Information and Treatment of Nipple Blebs

How to Deal With Blocked Nipple Pores

Woman breast feeding her baby
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A nipple bleb or milk bleb is a tiny white or yellow spot that forms on the nipple at the end of a milk duct or nipple pore. These small, milk-filled cysts or blockages are thought to be created by breast milk that has become thick and hard.

If you have a milk bleb, it might look like a smooth, shiny, singular white dot (similar to a whitehead pimple). Milk blisters are often associated with a plugged milk duct, but they can also cause plugged ducts.

Here is what you need to know about nipple blebs and blisters, including how to treat them.

Terminology

When the pore is open, the term bleb is used. When the pore is closed, the term blister is used.

Breastfeeding With a Nipple Bleb

A nipple bleb can cause extreme pain during breastfeeding, or it might not bother you at all. If it isn't painful, leave the blister alone and breastfeed as you normally would.

If a milk bleb is painful, you might not want to breastfeed. However, frequent breastfeeding is necessary to maintain your breast milk supply and can help dislodge the bleb, as well as prevent clogged ducts, breast engorgement, and mastitis.

If the pain is bearable, continue to breastfeed as often as you can. If it's too painful, pump your breast milk. A quality breast pump may help remove the bleb.

Treat Nipple Blebs While Breastfeeding

If you get a nipple bleb, you'll want to minimize the discomfort while you wait for it to get better. There are a few things you can do to relieve any pain you might have and help the bleb heal.

  • Breastfeed often and with proper technique. You can help prevent milk ducts from clogging by using proper breastfeeding techniques, nursing often, alternating breastfeeding positions, and avoiding tight tops and underwire bras. Also, make sure that your baby is latching on correctly.
  • Keep it clean. With clean hands and a clean washcloth, cleanse the area around the bleb. If the plug is protruding from the bleb, you might be able to use your finger to loosen it or gently pull it out.
  • Press gently. If you can tolerate it, you can try to apply gentle, slow, pressure from behind the bleb to loosen or release the plug.
  • Soak, massage, and apply heat. Moist heat can help loosen a blocked duct and release the plug.
  • Try lecithin. Talk to your healthcare provider or a lactation consultant about a lecithin supplement. Lecithin is thought to help heal and prevent plugged milk ducts. You might also try liquid lecithin or Dr. Jack Newman's All-Purpose Nipple Ointment (an antibiotic and anti-inflammatory ointment).
  • Use ice packs or cold cabbage leaves. A cool compress can sometimes help relieve pain in your breasts. You can also ask your provider if it is OK for you to take an over-the-counter (OTC) pain reliever such as Tylenol (acetaminophen) or Motrin (ibuprofen).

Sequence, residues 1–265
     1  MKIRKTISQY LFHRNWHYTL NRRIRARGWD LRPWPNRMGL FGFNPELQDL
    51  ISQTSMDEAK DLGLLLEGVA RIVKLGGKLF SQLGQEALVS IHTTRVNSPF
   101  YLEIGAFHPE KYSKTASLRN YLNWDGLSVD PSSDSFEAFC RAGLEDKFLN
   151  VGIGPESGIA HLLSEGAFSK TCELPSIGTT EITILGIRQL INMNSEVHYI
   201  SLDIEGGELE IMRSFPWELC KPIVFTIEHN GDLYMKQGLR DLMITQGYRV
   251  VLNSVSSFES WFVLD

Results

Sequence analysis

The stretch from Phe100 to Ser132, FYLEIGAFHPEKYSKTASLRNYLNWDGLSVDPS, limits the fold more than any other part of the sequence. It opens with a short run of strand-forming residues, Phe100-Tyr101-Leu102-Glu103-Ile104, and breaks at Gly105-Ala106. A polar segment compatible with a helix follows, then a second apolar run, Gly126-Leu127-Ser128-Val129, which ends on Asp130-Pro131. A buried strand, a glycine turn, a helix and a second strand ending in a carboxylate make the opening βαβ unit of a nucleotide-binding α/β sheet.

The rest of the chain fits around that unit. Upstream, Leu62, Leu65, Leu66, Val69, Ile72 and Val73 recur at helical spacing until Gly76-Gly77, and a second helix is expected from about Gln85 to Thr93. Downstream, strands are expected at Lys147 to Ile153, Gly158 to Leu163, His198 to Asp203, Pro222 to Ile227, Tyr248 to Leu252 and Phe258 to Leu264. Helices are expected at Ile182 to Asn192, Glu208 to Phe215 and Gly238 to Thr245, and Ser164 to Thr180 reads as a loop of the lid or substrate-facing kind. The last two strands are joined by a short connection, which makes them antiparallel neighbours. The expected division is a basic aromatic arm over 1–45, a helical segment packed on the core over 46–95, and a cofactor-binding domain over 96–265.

• Wear breast shells. These products can protect your breasts from the fabric of your bra or clothing if it rubs against the bleb and causes discomfort.

Breast Conditions Mistaken for Blebs

Nipple blebs can be mistaken for other common breast problems. For example, nipple blisters or thrush can look similar to a milk blister.

Friction Blisters

A friction blister is larger than a nipple bleb and does not usually cause severe pain. This type of blister is usually caused by a poor latch or friction from a powerful suck. If you use a breast pump, a flange that does not fit properly can also cause friction blisters.

Once the breastfeeding or pumping technique is corrected, friction nipple blisters will usually heal on their own within a few days.

Thrush

Thrush is a fungal (yeast) infection caused by Candida albicans. The infection is common in the mouth and vagina, but you can also get it on your nipples. It can cause severe itching, burning, and pain in your breast, especially while you are breastfeeding.

Thrush usually makes the nipples look shiny and red, but it can also appear as small white patches on the skin.

A few milk blebs on the nipple could resemble thrush.

Your baby's mouth can also become infected with thrush, which can make it painful for them to feed. Thrush and nipple blebs require different treatments. Thrush can spread quickly and cause a painful breast infection called mastitis. If you are worried you might have thrush, be sure to call your provider.

When to See Your Provider

If a nipple bleb or blister becomes too painful and does not go away on its own in a few weeks (even with a good latch and frequent breastfeeding) then it's time to meet with your provider.

Sometimes, a thin layer of skin forms and covers the milk bleb, which prevents it from healing properly. Your provider can use a sterile needle to break open the skin and remove the bleb. They might also instruct you on how to safely open the blister yourself at home.

You should immediately call your provider if you have signs of an infection, such as a fever, redness, swelling, or drainage from the nipple (that isn't breast milk).

A Word From Verywell

Nipple blebs are not usually serious, but they can be painful. Breast and nipple pain might become intense enough that it makes you want to stop breastfeeding. In fact, pain is a common cause of early weaning.

If you want to prevent nipple blebs or heal the ones you have, breastfeeding often and with proper technique can help.

If you do get a milk bleb, try to breastfeed through it. The bleb should go away on its own within a few weeks. However, if breastfeeding is too painful or a bleb does not get better, call your provider. They can help you get the appropriate treatment.

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